I loved all the supporting characters in the film and from the looks of it, people are taking a shine to Jason Sudeikis and Charlie Day. They co-starred in the hilarious Horrible Bosses together as well. Also joining in on the laughs is Jim Gaffigan. I wish he would do more feature films because the limited screen time he had in this one just does not do him justice. He made me laugh practically every time he was on screen, I especially loved the scene in which his and Long's character met for the first time. Going the Distance zips along at a very speedy pace and it isn't slow until the third act. I felt like the film had hit a brick wall when they were deciding the more important issues. It seemed like the writer wanted to make the characters mad just because it gave the film more tension and the characters more depth but in reality, it came off as unrealistic and made the characters seem arrogant and unlikable. I also wanted a bit more of an ending, where they left things didn't exactly close the door on the story. Ultimately, I enjoyed the film, had some good laughs and would recommend it to anyone with a good sense of humor and make sure they're not easily offended. More reviews at www.soveryterry.com Final Grade: B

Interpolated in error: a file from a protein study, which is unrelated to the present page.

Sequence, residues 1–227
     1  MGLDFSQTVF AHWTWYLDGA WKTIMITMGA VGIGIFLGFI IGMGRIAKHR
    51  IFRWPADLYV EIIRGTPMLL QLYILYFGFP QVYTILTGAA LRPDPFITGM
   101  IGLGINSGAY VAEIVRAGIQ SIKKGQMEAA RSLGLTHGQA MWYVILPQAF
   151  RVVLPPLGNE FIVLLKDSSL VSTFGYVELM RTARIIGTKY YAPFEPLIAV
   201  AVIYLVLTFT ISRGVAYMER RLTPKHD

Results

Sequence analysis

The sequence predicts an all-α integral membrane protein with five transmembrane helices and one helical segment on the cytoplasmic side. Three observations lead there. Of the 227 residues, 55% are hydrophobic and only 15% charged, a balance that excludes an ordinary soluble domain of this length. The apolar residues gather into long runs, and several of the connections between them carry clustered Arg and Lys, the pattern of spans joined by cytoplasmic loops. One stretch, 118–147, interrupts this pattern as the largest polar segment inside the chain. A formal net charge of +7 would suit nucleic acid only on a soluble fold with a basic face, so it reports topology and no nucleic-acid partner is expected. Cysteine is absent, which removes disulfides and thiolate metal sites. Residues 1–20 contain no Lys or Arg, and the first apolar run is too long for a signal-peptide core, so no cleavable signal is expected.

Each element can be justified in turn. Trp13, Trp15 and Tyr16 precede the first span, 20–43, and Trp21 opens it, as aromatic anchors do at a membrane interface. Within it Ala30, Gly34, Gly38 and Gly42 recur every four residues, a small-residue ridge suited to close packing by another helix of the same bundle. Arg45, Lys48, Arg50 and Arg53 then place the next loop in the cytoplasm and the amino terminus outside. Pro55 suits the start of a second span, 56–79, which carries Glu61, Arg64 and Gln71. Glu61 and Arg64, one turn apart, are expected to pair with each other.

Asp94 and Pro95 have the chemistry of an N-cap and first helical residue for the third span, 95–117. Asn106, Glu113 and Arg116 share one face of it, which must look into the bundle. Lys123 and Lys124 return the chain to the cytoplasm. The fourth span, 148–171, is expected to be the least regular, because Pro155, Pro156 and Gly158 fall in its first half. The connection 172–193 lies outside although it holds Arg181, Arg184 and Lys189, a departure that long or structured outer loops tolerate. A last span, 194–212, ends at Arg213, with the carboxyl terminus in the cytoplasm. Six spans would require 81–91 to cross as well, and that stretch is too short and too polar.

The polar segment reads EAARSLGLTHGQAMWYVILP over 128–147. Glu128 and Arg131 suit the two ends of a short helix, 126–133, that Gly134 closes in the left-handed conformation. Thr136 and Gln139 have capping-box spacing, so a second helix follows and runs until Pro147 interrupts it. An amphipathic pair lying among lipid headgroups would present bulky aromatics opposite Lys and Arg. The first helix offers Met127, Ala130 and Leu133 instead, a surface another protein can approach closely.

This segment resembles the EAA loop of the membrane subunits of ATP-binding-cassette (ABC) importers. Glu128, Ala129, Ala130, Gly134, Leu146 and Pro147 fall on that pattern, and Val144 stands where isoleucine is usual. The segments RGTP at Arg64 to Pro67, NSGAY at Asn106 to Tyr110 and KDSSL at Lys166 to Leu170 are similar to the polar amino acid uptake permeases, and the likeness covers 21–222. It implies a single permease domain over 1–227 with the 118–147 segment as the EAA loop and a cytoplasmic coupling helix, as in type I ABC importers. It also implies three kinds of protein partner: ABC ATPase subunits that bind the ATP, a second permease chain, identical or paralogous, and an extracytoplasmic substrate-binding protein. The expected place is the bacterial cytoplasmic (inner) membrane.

Hot in Cleveland takes four stars from for different sitcoms
(Bertinelli from One Day at a Time, Leeves from Frasier, Malick from
Just Shoot Me and White from The Golden Girls) and if the jokes don't
get ya, then the star power will. It works, to an extent.
Melanie (Bertinelli), Joy (Leeves) and Victoria (Malick) were on their way to Paris from Los Angeles. Their flight had some complications and was forced to land in Cleveland, Ohio. While the girls were waiting for the next flight, they stopped at a local pub and lo and behold, the men were attracted to them like moths to a flame. Loving this new-found attention, Melanie decides to live amongst the locals and convinces her girlfriends to do the same. Then the girls find out that the house Melanie's bought comes with it's very own cranky, old caretaker, Elka Ostrovsky (White). Melanie is a published author (she wrote a book called 200 Things Every Woman Should Do Before She Dies), has an ex-husband and college-aged kids. Joy is an unmarried beautician who had a son when she was 15, but gave him up for adoption. Victoria has been divorced five times, won an Emmy for her role on Edge of Tomorrow, a soap opera that got canned. And Elka is not your typical old lady, she can be crude, crass and seems like she has a lot more fun than the girls do.